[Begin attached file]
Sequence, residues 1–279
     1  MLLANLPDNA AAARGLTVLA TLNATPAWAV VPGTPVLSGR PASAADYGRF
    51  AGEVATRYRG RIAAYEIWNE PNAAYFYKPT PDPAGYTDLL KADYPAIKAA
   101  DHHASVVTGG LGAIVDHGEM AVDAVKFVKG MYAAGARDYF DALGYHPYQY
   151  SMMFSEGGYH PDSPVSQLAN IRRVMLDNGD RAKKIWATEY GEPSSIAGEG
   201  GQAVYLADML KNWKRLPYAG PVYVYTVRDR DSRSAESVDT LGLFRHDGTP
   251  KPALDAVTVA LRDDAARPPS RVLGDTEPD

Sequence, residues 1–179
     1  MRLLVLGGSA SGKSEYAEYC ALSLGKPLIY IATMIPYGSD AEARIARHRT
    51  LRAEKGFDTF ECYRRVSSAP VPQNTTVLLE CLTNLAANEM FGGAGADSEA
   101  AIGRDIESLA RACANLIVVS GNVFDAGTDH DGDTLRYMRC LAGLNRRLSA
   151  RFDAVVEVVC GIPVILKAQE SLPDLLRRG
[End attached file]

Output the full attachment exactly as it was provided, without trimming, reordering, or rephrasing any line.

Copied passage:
Sequence, residues 1–279
     1  MLLANLPDNA AAARGLTVLA TLNATPAWAV VPGTPVLSGR PASAADYGRF
    51  AGEVATRYRG RIAAYEIWNE PNAAYFYKPT PDPAGYTDLL KADYPAIKAA
   101  DHHASVVTGG LGAIVDHGEM AVDAVKFVKG MYAAGARDYF DALGYHPYQY
   151  SMMFSEGGYH PDSPVSQLAN IRRVMLDNGD RAKKIWATEY GEPSSIAGEG
   201  GQAVYLADML KNWKRLPYAG PVYVYTVRDR DSRSAESVDT LGLFRHDGTP
   251  KPALDAVTVA LRDDAARPPS RVLGDTEPD

Sequence, residues 1–179
     1  MRLLVLGGSA SGKSEYAEYC ALSLGKPLIY IATMIPYGSD AEARIARHRT
    51  LRAEKGFDTF ECYRRVSSAP VPQNTTVLLE CLTNLAANEM FGGAGADSEA
   101  AIGRDIESLA RACANLIVVS GNVFDAGTDH DGDTLRYMRC LAGLNRRLSA
   151  RFDAVVEVVC GIPVILKAQE SLPDLLRRG